Tuesday, July 26, 2005

Unable to Specify Interface for TCP Portmapper

I'm crushed. Today while working on a FreeBSD system with multiple interfaces, I noticed the portmapper (rpcbind) listening where I didn't think it should be.

# sockstat -4 | grep rpcbind
root rpcbind 354 10 udp4 127.0.0.1:111 *:*
root rpcbind 354 11 udp4 10.0.0.1:111 *:*
root rpcbind 354 12 udp4 *:1007 *:*
root rpcbind 354 13 tcp4 *:111 *:*

The UDP version was listening on interface 10.0.0.1 as I expected. What was the TCP version doing listening on all interfaces? Also, what was port 1007 UDP doing?

I checked my /etc/rc.conf file to see if I had messed up the synatx.

rpcbind_enable="YES"
rpcbind_flags="-h 10.0.0.1"

That looked ok to me. I double-checked with /etc/defaults/rc.conf.

# grep "^rpcbind" /etc/defaults/rc.conf
rpcbind_enable="NO" # Run the portmapper service (YES/NO).
rpcbind_program="/usr/sbin/rpcbind" # path to rpcbind, if you want a different one.
rpcbind_flags="" # Flags to rpcbind (if enabled).

I finally looked at the man page and clarified the -h switch.

-h Specify specific IP addresses to bind to for UDP requests. This
option may be specified multiple times and is typically necessary
when running on a multi-homed host. If no -h option is speci-
fied, rpcbind will bind to INADDR_ANY, which could lead to prob-
lems on a multi-homed host due to rpcbind returning a UDP packet
from a different IP address than it was sent to. Note that when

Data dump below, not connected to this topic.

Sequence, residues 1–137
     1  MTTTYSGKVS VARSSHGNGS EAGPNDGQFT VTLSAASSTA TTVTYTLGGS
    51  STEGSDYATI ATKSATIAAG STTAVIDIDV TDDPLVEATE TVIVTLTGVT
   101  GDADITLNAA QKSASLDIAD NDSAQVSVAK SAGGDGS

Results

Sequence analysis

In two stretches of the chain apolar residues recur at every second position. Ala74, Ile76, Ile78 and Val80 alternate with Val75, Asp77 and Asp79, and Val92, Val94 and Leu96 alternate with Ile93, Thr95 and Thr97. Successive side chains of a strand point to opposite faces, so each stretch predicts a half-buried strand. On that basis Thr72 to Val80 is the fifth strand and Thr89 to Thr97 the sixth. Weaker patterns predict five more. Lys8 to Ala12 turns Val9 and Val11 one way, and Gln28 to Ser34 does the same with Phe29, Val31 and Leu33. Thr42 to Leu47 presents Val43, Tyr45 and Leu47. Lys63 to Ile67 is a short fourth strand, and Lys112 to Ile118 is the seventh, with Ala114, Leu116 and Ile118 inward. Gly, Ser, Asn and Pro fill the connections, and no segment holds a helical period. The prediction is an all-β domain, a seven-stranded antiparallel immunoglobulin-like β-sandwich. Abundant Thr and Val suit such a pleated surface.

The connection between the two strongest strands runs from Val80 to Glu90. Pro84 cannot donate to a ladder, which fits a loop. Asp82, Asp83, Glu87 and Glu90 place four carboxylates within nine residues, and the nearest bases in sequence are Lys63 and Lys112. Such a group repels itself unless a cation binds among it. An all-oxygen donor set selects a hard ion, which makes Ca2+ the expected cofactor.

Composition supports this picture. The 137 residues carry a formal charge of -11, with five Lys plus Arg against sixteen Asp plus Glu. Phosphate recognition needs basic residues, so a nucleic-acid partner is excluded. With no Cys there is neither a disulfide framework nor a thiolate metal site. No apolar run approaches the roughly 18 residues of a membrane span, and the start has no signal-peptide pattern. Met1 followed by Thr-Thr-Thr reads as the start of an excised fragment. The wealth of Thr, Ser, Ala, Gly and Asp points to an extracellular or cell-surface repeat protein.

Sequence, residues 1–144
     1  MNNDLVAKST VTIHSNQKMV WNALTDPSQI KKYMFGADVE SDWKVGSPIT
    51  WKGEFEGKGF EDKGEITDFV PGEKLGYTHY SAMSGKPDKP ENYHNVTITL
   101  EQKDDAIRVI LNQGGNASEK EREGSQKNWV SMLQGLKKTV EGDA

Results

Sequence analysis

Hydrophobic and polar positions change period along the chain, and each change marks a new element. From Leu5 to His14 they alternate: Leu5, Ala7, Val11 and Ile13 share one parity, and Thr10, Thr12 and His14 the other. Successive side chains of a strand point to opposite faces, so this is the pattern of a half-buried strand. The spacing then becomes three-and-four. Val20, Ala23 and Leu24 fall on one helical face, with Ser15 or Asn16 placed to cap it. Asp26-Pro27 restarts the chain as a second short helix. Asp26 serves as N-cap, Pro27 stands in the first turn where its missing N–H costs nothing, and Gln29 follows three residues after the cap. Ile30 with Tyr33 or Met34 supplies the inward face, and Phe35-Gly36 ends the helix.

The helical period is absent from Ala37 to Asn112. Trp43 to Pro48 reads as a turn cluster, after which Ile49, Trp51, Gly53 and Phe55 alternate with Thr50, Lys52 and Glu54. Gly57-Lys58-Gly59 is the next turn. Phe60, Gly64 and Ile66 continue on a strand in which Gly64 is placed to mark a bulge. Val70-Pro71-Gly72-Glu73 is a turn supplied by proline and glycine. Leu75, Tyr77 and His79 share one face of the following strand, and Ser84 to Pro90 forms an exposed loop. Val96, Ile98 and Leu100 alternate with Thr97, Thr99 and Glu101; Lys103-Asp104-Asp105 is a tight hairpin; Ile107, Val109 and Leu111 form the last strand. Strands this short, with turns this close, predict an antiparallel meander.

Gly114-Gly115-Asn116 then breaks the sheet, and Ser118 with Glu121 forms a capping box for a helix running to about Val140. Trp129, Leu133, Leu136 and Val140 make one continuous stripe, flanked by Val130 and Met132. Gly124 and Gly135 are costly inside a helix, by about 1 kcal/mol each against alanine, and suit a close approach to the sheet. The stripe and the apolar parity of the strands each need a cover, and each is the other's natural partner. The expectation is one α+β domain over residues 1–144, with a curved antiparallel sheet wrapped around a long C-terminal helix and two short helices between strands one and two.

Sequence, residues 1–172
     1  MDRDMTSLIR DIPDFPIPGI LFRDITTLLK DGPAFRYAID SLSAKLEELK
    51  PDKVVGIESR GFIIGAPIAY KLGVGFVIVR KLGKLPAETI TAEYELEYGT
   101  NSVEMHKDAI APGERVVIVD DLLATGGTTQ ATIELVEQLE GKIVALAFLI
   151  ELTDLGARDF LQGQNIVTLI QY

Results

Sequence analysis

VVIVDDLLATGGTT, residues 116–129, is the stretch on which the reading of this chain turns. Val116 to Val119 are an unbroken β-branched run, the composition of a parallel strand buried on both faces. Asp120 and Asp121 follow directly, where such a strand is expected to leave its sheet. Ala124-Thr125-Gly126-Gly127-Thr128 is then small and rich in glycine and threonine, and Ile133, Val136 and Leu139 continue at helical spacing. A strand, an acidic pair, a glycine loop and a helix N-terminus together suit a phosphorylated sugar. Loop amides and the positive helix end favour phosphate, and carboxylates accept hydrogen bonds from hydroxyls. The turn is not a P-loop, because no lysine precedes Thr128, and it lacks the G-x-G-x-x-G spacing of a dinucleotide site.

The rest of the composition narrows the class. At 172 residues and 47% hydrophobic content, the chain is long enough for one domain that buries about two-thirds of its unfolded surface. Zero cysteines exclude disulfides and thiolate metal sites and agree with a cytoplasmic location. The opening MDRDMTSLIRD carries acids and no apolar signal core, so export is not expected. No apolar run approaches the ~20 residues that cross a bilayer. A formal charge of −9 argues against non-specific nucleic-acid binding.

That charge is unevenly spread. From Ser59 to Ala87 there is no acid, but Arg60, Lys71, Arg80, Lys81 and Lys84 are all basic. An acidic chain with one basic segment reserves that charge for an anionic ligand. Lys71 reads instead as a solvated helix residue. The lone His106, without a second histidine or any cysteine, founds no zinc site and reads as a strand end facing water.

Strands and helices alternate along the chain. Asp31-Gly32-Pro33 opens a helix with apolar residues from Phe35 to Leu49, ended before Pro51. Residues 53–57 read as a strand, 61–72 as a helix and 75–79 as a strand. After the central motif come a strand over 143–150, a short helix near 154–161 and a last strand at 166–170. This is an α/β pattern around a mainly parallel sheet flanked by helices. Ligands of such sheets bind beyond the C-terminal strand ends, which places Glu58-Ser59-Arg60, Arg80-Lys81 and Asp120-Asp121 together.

specifying IP addresses with -h, rpcbind will automatically add
127.0.0.1 and if IPv6 is enabled, ::1 to the list.

OH NO. It only mentions UDP and not TCP. That's why I'm crushed. One of the characteristics I like about FreeBSD (and Unix in general) is the granular control over services enabled via simple text files. I should have been able to tell both UDP and TCP rpcbind versions to listen on a specified interface. That doesn't seem possible.

Now my only alternative is to firewall the interfaces where I do not want rpcbind to listen. That's a lousy solution in the Unix world. :(

3 comments:

Anonymous said...

I had the same fun trying to secure it on my laptop.

You can use tcpwrappers to lock down access, however IMHO anything hard binding to INADDR_ANY is inexcusable in this day and age.

It's not just rpcbind, there are other culprits.

I can point the finger at

Sambas nmbd,
isc dhcpd,
& Symon

To name a few, utterly ridiculous.

I do not want to have to rely exclusively on access control in the application doing the 'right' thing.

They shouldnt have their drawers round their metaphorical ankles in the 1st place.

Especially given the propensity of the ports system to update startup scripts which themselves do not utilise rc.conf properly.

It wouldnt be the 1st time I've seen something like mysql comeup on everything, after a hand hacked lockdown of it's startup script got nuked by portupgrade.





Greg

Anonymous said...

For what it's worth, this page is the first Google hit for "freebsd rpcbind bind to specific IP". I'm trying to set up FAM on a imap server on the public internet. It amazes me that there is no way to specify what interface that rpcbind sits on... I guess I'm going to have to resort to running ipfw and allowing only specific ports. Guh.

Richard Bejtlich said...

I just posted this PR:

http://www.freebsd.org/cgi/query-pr.cgi?pr=84494

>Category: bin
>Responsible: freebsd-bugs
>Synopsis: rpcbind TCP cannot be told to bind to a specific IP
>Arrival-Date: Tue Aug 02 20:40:08 GMT 2005